The Original Paṇhavāyaraṇa / Praśnavyākaraṇa Discovered

Published: 31.12.2007
Updated: 02.07.2015


International Journal of Jaina Studies
(Online) Vol. 3, No. 6 (2007) 1-10


 

Abstract

This paper reports the author's discovery of the original Paṇhavāyaraṇa/ Praśnavyākaraṇa together with a fairly old Sanskrit commentary. It describes the unique palm-leaf manuscript and its paper transcript both preserved in the National Archives of Nepal. The original text of the Praśnavyākaraṇa was lost at some point in history and another entirely different text was substituted in the place of the original aṅgasūtra. The version of the Praśnavyākaraṇa in circulation deals with the five sins and the consequences corresponding to them but a number of Jaina canonical texts indicate that the original Praśnavyākaraṇa should mostly deal with divination. Exactly this is the content of the Praśnavyākaraṇa discovered in Nepal. This paper discusses all these issues, narrates the description of the Praśnavyākaraṇa found in Jaina canonical texts, presents a list of all sections of the newly found text, and also reflects on the identity of the Sanskrit commentator Devanandi.

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The Original Paṇhavāyaraṇa / Praśnavyākaraṇa Discovered

[1]The Sthānāṅgasūtra (Jambūvijaya 1985a: 311, sūtra 755) describes the Paṇhavāgaraṇa (Skt. Praśnavyākaraṇa), the tenth aṅga of the Jain canon, in the following way:

paṇhāvāgaraṇa-dasāṇaṃ dasa ajjhayaṇā pannattā, taṃjahā – uvamā, saṃkhā, isi-bhāsiyāiṃ, āyariya-bhāsitāiṃ, mahāvīra-bhāsitāiṃ, khomapasiṇāiṃ, komala-pasiṇāiṃ, addāga-pasiṇāiṃ, aṃguṭṭha-pasiṇāiṃ, bāhupasiṇāiṃ |

In the Paṇhavāgaraṇa-dasā ten adhyayanas are taught. They are as follows: comparison/ example (uvamā), decision/enumeration (saṃkhā), teachings of the seers (isi-bhāsiyāiṃ), teachings of the teachers (āyariya-bhāsitāiṃ), teachings of Mahāvīra (mahāvīra-bhāsitāiṃ), the issues associated with the way of divination which involves a deity's entering a linen cloth (khomapasiṇāiṃ), those issues associated with the way of divination which involves a deity's entering some soft object (?) (komala-pasiṇāiṃ), those issues associated with the way of divination which involves a deity's entering a mirror (addāga-pasiṇāiṃ), those associated with the way of divination which involves a deity's entering the surface of one's thumb (aṃguṭṭha-pasiṇāiṃ), and associated with the way of divination which involves a deity's entering the surface of one's arm (bāhu-pasiṇāiṃ).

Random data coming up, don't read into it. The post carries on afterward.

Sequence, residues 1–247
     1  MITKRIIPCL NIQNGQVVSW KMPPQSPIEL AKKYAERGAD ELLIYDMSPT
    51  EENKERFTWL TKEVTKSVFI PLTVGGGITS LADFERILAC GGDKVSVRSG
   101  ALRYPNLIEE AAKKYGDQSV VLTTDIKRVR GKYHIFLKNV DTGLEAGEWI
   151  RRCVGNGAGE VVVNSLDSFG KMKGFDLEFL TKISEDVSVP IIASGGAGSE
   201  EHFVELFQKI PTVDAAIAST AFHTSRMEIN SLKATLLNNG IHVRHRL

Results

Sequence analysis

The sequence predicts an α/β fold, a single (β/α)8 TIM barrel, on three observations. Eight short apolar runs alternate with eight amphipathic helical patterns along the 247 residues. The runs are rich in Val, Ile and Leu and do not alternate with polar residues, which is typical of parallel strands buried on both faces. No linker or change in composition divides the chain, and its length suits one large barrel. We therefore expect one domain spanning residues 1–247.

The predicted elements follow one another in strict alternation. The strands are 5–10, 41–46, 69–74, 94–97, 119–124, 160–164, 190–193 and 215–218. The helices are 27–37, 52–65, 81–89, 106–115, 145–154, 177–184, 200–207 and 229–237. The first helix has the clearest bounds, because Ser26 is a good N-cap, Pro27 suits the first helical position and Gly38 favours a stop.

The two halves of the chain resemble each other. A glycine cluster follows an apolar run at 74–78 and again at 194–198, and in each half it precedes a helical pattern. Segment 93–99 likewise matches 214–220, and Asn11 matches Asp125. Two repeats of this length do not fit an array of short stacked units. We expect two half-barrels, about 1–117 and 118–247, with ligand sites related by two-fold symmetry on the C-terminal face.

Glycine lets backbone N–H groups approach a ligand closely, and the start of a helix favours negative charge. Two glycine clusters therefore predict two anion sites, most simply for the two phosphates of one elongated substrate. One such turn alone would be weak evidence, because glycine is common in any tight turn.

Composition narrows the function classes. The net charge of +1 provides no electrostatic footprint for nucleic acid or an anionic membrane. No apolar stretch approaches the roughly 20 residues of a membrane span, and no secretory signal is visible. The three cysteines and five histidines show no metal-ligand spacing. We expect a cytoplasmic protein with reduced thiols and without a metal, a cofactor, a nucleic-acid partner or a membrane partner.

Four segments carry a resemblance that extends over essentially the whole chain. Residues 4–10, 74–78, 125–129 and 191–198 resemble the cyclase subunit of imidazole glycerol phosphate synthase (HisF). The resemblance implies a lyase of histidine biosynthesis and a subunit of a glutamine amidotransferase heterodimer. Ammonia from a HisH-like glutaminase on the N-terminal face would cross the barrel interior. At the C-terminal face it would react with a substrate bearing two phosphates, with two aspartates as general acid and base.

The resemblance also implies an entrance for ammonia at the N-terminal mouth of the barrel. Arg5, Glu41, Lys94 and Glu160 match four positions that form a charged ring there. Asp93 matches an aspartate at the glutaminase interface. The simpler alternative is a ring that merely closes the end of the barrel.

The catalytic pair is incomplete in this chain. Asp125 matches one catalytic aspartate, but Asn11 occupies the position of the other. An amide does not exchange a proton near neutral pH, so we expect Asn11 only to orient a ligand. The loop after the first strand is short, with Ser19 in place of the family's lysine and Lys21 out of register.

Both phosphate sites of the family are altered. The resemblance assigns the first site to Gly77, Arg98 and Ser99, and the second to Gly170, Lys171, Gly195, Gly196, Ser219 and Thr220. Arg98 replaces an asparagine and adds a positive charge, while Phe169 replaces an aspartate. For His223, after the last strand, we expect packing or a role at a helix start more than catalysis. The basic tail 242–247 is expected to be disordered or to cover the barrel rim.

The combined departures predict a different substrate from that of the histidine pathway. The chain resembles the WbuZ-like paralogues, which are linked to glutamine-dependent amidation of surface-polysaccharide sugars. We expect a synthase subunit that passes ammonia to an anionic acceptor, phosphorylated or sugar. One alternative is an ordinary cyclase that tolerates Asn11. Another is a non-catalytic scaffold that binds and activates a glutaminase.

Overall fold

Similarly, the Samavāyāṅgasūtra (Jambuvijaya 1985a: 444, Sūtra 145) describes it the following way:

se kiṃ taṃ paṇhāvāgaraṇāiṃ? paṇhāvāgaraṇesu ṇaṃ aṭṭhuttaraṃ
pasiṇasataṃ, aṭṭhuttaraṃ apasiṇasataṃ, aṭṭhuttaraṃ pasiṇāpasiṇasataṃ,
vijjātisayā, nāgasupaṇṇehi ya saddhiṃ divvā saṃvāyā āghavijjaṃti |
paṇhāvāgaraṇadasāsu ṇaṃ sasamayaparasamayapaṇṇavayapatteyabuddhavividhattha-bhāsābhāsiyāṇaṃ atisayaguṇauvasamaṇāṇapagāra-

āyariyabhāsiyāṇaṃ vitthareṇaṃ vīramahe-sīhiṃ viviha-vitthārabhāsiyāṇaṃ
ca jagahitāṇaṃ addāgaṃguṭṭhabāhuasimaṇikhomaāicca-mātiyāṇaṃ
vivihamahāpasiṇavijjāmaṇapasiṇavijjādaïvayapayogapāhaṇṇaguṇappagāsiyā
ṇaṃ sabbhūyabiguṇappabhāvanaragaṇamativimhayakarīṇaṃ atisayamatītakālasamayedamatittha-karuttamassa thitikaraṇakāraṇāṇaṃ
durabhigamadurovagāhassa savvasavvaṇṇusammata-ssābudhajaṇavibohakarassa paccakkhayappaccayakarīṇaṃ paṇhāṇaṃ vivihaguṇamahatthā
jiṇavarappaṇīyā āghavijjaṃti |
paṇhāvāgaraṇesu ṇaṃ parittā vāyaṇā, saṃkhejjā aṇuogadārā, jāva
saṃkhejjāo saṃgahaṇīo. se ṇaṃ aṃgaṭṭhayāe dasame aṃge, ege
sutakkhaṃdhe, [paṇayālīsaṃ ajjhayaṇā], paṇayālīsaṃ uddesaṇakālā,
paṇayālīsaṃ samuddesaṇakālā, saṃkhejjāiṃ payasayasahassāiṃ paaggeṇaṃ
paṇṇatte, saṃkhejjā akkharā, aṇaṃtā gamā, jāva caraṇakaraṇaparūvaṇā
āghavijjati. se ttaṃ paṇhāvāgaraṇāṇi |[2]